Twitter Implements Two-Factor Authentication

This week Twitter
finally announced their implementation of two-factor authentication. This was
an effort made to help secure user accounts from hackers. While hacking of
social media accounts may not seem like a big deal, last year many users
suffered from having their account hacked.
Twitter hackings used to mean virus like links being shared via direct
message. While this was a major annoyance, there wasnt much harm done. After
Twitter starting teaming up with some payments companies, Twitter hackings
became a much bigger deal. Now users can upload their credit card information
into their accounts for social
. While this is of great convenience to users, this made Twitter
hacking that much more valuable, literally.

The new two-factor
will work just like may other standard models do. Logging
into an account will require something you know, like a password, and something
you have, your mobile phone. When users log in, they will have an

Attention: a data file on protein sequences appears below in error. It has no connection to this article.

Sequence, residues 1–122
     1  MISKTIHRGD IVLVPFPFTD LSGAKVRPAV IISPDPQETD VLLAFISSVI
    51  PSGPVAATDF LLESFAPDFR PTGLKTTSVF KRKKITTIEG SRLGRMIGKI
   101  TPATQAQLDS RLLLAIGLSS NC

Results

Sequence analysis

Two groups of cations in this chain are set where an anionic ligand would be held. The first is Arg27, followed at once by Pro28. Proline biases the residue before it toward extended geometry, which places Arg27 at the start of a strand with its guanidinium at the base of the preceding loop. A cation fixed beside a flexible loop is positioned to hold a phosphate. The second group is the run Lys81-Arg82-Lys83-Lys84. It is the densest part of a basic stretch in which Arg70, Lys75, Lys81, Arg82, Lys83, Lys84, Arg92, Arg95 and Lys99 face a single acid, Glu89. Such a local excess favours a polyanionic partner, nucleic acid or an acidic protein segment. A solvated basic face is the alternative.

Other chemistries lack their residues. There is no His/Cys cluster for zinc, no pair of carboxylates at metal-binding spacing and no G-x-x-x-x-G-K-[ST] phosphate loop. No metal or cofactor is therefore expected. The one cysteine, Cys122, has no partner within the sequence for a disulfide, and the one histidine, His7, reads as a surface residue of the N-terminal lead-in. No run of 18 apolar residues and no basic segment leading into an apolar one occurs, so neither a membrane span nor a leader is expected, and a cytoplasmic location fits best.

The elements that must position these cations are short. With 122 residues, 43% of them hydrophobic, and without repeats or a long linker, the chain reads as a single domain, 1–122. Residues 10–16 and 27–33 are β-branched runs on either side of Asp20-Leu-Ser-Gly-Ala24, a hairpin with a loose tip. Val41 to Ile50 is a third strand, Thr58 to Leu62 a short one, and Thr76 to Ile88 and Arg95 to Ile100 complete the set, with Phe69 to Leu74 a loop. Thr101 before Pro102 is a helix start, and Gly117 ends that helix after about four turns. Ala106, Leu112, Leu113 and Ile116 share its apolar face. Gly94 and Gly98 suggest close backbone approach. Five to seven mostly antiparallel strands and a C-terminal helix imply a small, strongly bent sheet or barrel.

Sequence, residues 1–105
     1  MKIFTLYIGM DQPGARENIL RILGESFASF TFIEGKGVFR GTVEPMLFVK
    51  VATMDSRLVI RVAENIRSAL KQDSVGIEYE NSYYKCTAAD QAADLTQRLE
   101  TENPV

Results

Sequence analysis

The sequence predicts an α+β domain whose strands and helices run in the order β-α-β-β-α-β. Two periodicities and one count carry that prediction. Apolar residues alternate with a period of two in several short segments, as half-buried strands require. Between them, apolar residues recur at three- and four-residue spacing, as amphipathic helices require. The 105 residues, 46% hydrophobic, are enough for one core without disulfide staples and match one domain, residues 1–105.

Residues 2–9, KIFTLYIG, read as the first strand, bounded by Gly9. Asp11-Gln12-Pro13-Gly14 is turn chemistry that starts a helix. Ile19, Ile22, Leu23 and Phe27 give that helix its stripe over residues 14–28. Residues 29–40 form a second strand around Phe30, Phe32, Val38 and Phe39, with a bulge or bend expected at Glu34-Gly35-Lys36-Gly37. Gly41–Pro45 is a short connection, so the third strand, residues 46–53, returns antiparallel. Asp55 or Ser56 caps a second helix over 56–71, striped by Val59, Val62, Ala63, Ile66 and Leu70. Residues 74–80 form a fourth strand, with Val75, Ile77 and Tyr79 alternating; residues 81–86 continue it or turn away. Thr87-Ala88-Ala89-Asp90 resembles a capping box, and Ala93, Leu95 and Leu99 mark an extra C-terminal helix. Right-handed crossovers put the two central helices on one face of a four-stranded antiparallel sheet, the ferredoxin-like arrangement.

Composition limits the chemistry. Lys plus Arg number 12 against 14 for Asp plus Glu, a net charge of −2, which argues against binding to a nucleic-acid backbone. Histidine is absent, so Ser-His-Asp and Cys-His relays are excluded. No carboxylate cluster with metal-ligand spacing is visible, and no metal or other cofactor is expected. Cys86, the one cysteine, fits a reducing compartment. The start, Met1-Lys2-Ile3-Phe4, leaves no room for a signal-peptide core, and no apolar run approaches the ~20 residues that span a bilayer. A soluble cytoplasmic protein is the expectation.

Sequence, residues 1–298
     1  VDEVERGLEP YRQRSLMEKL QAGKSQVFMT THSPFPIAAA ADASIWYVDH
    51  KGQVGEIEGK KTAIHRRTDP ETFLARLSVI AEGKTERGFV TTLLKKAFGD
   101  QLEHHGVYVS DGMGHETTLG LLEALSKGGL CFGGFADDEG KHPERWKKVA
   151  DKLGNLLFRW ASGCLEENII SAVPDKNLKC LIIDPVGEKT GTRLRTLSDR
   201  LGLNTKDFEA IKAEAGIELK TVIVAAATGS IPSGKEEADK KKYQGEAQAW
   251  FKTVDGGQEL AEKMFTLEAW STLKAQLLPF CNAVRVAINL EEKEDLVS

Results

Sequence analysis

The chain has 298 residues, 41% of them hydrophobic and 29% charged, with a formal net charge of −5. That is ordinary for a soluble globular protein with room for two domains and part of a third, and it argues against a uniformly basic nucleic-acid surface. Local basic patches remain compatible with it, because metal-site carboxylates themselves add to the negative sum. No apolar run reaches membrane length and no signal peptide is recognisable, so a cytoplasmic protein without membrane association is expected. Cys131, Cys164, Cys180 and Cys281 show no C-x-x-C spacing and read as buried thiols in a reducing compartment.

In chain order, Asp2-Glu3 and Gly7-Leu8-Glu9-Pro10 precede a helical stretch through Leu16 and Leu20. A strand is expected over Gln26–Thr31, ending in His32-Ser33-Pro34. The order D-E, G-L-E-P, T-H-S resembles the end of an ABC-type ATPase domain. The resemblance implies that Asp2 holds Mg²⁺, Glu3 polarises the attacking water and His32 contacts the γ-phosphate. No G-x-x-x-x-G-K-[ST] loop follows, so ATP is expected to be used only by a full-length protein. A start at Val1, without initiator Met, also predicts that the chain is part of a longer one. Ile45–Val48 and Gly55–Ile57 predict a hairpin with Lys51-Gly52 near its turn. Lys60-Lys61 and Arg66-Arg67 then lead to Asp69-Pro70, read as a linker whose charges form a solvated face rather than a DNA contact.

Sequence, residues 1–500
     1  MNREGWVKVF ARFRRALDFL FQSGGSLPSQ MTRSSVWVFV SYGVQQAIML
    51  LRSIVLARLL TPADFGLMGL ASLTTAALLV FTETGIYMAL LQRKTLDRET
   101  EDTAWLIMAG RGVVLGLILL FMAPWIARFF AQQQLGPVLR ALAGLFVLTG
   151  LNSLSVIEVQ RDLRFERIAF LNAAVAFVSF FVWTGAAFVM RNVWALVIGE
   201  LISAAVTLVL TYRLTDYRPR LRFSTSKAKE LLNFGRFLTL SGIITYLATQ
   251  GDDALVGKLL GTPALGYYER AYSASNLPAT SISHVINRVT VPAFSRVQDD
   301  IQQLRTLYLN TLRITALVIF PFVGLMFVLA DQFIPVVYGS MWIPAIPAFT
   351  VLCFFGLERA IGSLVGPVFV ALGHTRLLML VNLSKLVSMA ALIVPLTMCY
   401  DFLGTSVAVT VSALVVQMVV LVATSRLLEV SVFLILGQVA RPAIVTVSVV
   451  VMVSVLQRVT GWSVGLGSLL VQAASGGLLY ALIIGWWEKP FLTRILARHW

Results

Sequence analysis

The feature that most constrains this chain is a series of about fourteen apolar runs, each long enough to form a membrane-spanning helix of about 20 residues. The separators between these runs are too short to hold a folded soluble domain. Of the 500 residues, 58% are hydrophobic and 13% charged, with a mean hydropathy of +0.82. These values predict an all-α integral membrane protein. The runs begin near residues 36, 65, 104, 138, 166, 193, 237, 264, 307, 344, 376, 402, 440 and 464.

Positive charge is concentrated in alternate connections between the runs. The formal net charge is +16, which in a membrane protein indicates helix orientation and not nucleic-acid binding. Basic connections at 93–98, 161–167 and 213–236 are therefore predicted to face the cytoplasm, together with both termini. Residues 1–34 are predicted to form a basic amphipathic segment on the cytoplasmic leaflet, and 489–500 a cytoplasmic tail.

authentication code send to their mobile phones via SMS and then will have to
enter the code in order to log in. Of course, this will typically work for
desktop logins and mobile web logins app users may not have this option quite
yet. What about brand accounts? Or accounts that have multiple people signing
in? These are some logistics that may not have been complete thought through
when first introducing this new security feature. Another downfall of two-factor
authentication is physical theft. What if a user is signed up for this new
feature and their phone is stolen or a thief has their phone? At this point the
two-factor authentication no longer protect the account. While two-factor
authentication is step in the right direction, it may not be the final step for
better online fraud

[Contributed by EVS Marketing]

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